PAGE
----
Jacob Scharfman | Baritone


...commanding...an unabashed villain...Scharfman, an eerily still and self-assured manipulator, was himself a kind of visual Shadow...His might and muscle came across vocally in potent, precisely articulated lines.
— San Francisco Classical Voice, Aug 2018.
...Jacob Scharfman showed expert command of the Mozartian open style, his “A forza di martelli” aria about hammers proving a particular highlight in the first act.
— Parterre Box, Nov 2017.
...[Scharfman’s] gracious, light-hued baritone...handled matters with a debonair and insinuating touch.
— San Francisco Chronicle, Aug 2018.
Jacob Scharfman, as the servant Nardo, displayed an attractive, rounded baritone...
— Opera News, Feb 2018.
I was pleased to hear both familiar and new voices. Jacob Scharfman is part of the latter category, and is certain to gain popularity. ...[His] baritone is well-rounded and rich, maintaining clarity and precision throughout his entire range.
— Boston Musical Intelligencer, Nov 2014.
Bringing the program to a stunning close was baritone Jacob Scharfman. [...His] performance was marked by the expansiveness of a generous spirit and a personal involvement with the text and music. There was a lovely resonance to his instrument and fine German diction.
— Voce di Meche, Oct 2017.
Jacob Scharfman was sinister throughout, vocally maneuvering amidst Stravinsky’s violently dissonant arpeggios every time his Nick Shadow appeared and deviously granted Tom’s naïve expression of a wish.
— Berkeley Daily Planet, Aug 2018.
...an enticing devil...
— For All Events, Aug 2018.
Baritone Jacob Scharfman (Boston, MA), as the mysteriously diabolical Nick Shadow, enabler of Tom’s worst instincts, hovered about the action with suitably arch humor. His steady and controlled sound was nicely nuanced and always audible.
— Bay Area Reporter, Aug 2018.
For Scharfman, a baritone from Boston, the [job] was to sing big, dramatic arias of seduction and threats while lurking about like the villain in ‘The Drunkard.’ He earned top marks in all.
— San Francisco Examiner, Aug 2018.
Especially memorable were Cheyanne Coss and Jacob Scharfman as Norina and Malatesta in ‘E il dottor non si vede…Pronta io son’ from ‘Don Pasquale’…
— Lively Foundation, Aug 2018.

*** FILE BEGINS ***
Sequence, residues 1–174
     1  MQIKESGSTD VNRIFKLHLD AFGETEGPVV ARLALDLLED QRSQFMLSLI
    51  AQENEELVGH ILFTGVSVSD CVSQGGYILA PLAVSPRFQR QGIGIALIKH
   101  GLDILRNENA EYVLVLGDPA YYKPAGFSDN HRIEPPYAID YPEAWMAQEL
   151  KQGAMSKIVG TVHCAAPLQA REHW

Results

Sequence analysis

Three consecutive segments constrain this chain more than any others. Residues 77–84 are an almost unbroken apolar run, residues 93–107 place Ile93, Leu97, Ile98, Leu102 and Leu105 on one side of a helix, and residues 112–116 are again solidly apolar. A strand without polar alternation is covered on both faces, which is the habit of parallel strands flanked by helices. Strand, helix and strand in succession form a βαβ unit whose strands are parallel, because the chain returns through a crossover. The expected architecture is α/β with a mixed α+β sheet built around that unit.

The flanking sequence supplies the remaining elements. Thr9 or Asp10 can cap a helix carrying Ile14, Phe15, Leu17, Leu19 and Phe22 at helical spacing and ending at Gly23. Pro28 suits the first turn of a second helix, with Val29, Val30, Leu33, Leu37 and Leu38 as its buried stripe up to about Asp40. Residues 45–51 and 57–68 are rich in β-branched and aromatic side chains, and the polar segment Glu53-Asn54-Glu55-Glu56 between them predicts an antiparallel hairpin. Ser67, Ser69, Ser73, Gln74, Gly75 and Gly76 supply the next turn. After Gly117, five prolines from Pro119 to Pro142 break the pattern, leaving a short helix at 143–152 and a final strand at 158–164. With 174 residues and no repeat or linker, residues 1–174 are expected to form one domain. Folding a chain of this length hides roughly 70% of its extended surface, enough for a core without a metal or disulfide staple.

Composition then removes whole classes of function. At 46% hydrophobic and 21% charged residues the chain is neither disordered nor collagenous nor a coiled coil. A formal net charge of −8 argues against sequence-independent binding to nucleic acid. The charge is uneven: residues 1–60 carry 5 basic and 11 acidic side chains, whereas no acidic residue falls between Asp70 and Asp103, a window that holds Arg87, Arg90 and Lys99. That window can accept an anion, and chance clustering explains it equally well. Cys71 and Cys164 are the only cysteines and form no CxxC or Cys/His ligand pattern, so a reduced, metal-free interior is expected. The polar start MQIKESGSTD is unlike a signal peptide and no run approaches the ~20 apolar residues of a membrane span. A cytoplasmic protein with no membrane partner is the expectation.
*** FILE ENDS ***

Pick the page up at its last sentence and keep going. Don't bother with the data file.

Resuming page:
Soprano Cheyanne Coss and the physically pliable baritone Jacob Scharfman consulted a cell phone in the midst of their scheming from Donizetti’s ‘Don Pasquale.’
— San Francisco Chronicle, Aug 2018.
...high spirits were at play as Jacob Scharfman’s Malatesta plotted with Cheyanne Coss’s Norina against Don Pasquale of the Donizetti opera.
— San Francisco Classical Voice, Aug 2018.
Nardo [was] delightfully inhabited by Baritone Jacob Scharfman. ...[A] memorable moment was Nardo’s courting of Serpetta in several languages; Mr. Scharfman was irresistible in the role.
— Voce di Meche, Nov 2017.
Nardo...is played by Jacob Scharfman who is most expressive in his movements.
— Operawire, Nov 2017
Jacob Scharfman brought a rich, ringing baritone and occasional roughness to Mr. Webb.
— Boston Classical Review, June 2015.


Und Jacob Scharfman beeindruckt gleichermaßen als Willem, Gerichtsdiener und Gefängniskaplan durch seine stimmliche wie darstellerische Wandlungsfähigkeit. Ihm fällt mit der balsamisch ausgesungen Türhüterparabel auch der tiefste Moment des Abends zu.
— Opernwelt, Apr 2019. (EN: “Likewise Jacob Scharfman impressed as Willem, the Court Usher, and the Prison Chaplain through his vocal and dramatic versatility. Indeed his mesmerizing Doorkeeper Parable proved the deepest moment of the evening.”)
...wobei vor allem der junge Bariton Jacob Scharfman, aktuell Mitglied im Internationalen Opernstudio, einen nachhaltigen, reifen Eindruck hinterlässt.
— Tiroler Tageszeitung, Mar 2019. (EN: “…the young Baritone Jacob Scharfman, current member of the International Opera Studio, left an especially lasting and mature impression.”)
Am überzeugendsten wirkten Jacob Scharfman als Gefängniskaplan…
— Bayerische Rundfunk, Mar 2019. (EN: “Jacob Scharfman performed most convincingly as the Prison Chaplain…”)